Nashua Area Radio Society Youth Expo at Boxboro

Karen KC1KBW a BGHS Teacher Building a Kit

Karen KC1KBW a BGHS Teacher Building a Kit

The Nashua Area Radio Society put together a successful Amateur Radio Youth Exposition at the New England Amateur Radio Convention at Boxboro this year. Our exposition features over ten displays with hands-on activities…

Source: NARS Youth Expo at Boxboro – Nashua Area Radio Society

Anita AB1QB and I are continuing to work along with the Nashua Area Radio Society to encourage young people to become licensed and join the Amateur Radio Service.

NARS Team at Boxboro

Nashua Area Radio Society Team at Boxboro

The Nashua Area Radio Society recently hosted an Amateur Radio Exposition for Young People at the New England Amateur Radio Convention in Boxboro, MA. Our event featured Remote HF and Satellite GOTA stations, a kit build, and many other hands-on activities which were part of the over ten displays at the event.

You can read more and see photos from our Youth Expo via the link above. We will be holding another Amateur Radio Youth Expo as part of NETT at NEAR-Fest in Deerfield, NH in October. We hope to see some of our local friends there.

Fred, AB1OC

Please Help Us Grow the Amateur Radio Service

Graduates from our Summer Youth Technician License Class

Source: Support the Nashua Area Radio Society on Amazon Smile and GoFundMe

Anita and I have been working to grow the Amateur Radio Service through our work at the Nashua Area Radio Society. The Nashua Area Radio Society is a 501c(3) public charity whose mission is to:

  • Encourage and help people to become licensed and active in the Amateur Radio Service
  • Spark Interest among Young People in STEM Education and Careers through Ham Radio
  • Provide training and mentoring to enable our members to improve their technical and operating skills and to be prepared to assist in times of emergency
  • Sponsor on-air operating activities so that our members may practice and fully develop their operating skills and have fun with Ham Radio!
Students and Teacher Ready To Launch Their High-Altitude Balloon

Students and Teachers Ready To Launch Their High-Altitude Balloon

The Nashua Area Radio Society has created many programs designed to provide STEM learning experiences and training through Amateur Radio. Some of these include:

To carry out our mission, we have formed close relationships with several schools. This helps us develop and deliver effective, high-quality programs that bring learning through Amateur Radio to young people. You can read more about what we’re doing via the link at the top of the page.

We provide many of these services either free of charge or at a very modest cost. We count on the generosity of our members, friends, and the Amateur Radio community to raise funds to support our work.

We hope that our readers will consider supporting our work at the Nashua Area Radio Society by using Amazon Smile and designating us as your favorite charity and/or by making a donation to our current fundraising campaign (click on the badge below).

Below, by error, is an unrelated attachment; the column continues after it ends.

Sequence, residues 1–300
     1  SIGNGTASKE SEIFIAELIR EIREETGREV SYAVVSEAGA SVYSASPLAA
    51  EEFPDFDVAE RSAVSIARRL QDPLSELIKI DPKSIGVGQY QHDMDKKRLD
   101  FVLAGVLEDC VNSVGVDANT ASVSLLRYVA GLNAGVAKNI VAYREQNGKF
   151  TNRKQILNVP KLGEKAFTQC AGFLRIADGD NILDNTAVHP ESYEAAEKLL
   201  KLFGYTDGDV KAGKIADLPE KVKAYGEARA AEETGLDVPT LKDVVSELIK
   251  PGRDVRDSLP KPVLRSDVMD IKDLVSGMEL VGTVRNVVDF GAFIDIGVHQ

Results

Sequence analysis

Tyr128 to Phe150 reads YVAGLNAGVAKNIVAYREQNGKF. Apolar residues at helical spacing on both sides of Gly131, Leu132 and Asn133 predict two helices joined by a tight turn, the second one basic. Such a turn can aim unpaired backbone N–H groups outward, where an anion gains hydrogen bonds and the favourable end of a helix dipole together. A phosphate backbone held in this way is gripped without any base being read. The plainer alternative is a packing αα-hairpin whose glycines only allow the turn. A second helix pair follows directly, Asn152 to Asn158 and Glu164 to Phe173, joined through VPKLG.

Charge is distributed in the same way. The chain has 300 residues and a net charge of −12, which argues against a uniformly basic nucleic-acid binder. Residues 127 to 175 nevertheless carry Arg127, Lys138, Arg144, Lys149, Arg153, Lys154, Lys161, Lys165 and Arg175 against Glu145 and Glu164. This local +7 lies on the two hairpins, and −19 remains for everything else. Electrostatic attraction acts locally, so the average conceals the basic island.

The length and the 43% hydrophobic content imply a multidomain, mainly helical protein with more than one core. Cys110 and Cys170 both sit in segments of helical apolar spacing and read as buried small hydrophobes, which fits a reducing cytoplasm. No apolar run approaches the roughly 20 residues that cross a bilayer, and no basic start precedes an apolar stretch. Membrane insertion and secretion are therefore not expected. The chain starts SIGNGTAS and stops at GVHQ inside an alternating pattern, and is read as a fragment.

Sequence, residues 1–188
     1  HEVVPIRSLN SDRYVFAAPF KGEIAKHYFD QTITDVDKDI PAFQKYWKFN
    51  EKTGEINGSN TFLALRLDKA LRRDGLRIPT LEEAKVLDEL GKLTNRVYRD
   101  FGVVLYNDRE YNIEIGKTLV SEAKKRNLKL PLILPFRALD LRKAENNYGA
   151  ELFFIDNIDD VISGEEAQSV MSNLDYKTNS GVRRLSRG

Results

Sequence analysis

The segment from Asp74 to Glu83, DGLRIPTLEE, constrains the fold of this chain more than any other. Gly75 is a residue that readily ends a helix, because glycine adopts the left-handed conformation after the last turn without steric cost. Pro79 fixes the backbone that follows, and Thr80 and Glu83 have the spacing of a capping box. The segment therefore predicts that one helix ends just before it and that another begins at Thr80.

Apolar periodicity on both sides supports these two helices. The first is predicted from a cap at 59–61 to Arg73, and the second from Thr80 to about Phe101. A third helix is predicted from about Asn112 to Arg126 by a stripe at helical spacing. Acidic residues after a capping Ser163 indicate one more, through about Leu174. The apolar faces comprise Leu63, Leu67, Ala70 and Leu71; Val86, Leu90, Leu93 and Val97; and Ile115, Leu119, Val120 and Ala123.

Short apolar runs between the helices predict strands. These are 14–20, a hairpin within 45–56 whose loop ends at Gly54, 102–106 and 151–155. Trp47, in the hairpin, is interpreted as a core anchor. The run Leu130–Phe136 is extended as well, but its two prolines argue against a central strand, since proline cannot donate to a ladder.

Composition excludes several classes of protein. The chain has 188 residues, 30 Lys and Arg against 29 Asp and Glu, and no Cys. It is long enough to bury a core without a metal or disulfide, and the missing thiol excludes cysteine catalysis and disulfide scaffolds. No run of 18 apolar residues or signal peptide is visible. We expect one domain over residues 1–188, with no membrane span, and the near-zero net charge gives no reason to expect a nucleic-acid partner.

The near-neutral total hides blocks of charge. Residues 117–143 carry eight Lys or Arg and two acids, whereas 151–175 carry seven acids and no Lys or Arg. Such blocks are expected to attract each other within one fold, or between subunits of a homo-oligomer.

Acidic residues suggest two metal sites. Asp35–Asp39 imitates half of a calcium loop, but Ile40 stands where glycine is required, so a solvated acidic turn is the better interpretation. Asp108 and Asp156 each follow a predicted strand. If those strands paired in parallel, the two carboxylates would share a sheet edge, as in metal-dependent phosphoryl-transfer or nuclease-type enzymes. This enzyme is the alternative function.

GoFundMe Badge

Amazon Smile is free and it’s easy to set up and use (click here for setup information).

On behalf of the many young people and others that we help, thank you very much for your interest and support. We will continue to work hard to provide learning opportunities for young people through Amateur Radio and to continue to make the Amateur Radio Service the best it can be to benefit everyone.

Fred, AB1OC

2016 ARRL Rookie Roundup SSB

ARRL Rookie Roundup Ops

ARRL Rookie Roundup Ops

A team of newly licensed members of our club, the Nashua Area Radio Club, came together to enter the 2016 ARRL Rookie Round SSB Contest, using our club callsign, N1FD. We held a training session at our QTH the weekend before the contest to allow our operators to learn about contesting and to become familiar with our station. We put together a training package to introduce the operator team to contesting in general and to the ARRL Rookie RoundupYou can view the training package here..

Station setup for the Contest

Station Setup for the Contest

We entered the ARRL Rookie Roundup in the Multi-Op, Single Transmitter category using the club’s N1FD call sign. This gave everyone a chance to operate in the contest and to contribute to the team’s final score. Fred, AB1OC spent some time setting up and checking out our station ahead of time. Our operators used the N1MM+ logger and operated using 100w of power on the 20m and 40m bands.

We had a total of 13 Nashua Area Radio Club members who attended the preparation session and/or operated in the contest. Folks worked as teams during the contest with one person operating while another person logged. Our operators had nice pileups to work for a good portion of the contest. All of our Operators did really well. As you can see and hear from the linked video, we definitely have some future contest stars in our club!

2016 RR SSB Score

The table above shows the results of our operations during the 6 hour contest period. Our team did really well! Of particular note is that they were able to work 45 of the 70 available multipliers. It will take some time for the ARRL to put together the results for everyone in the contest but we believe that our team did very well.

Abby and Her Dad Jamey Operating in the ARRL Rookie Roundup SSB

Abby and her Dad Jamey Operating in the ARRL Rookie Roundup SSB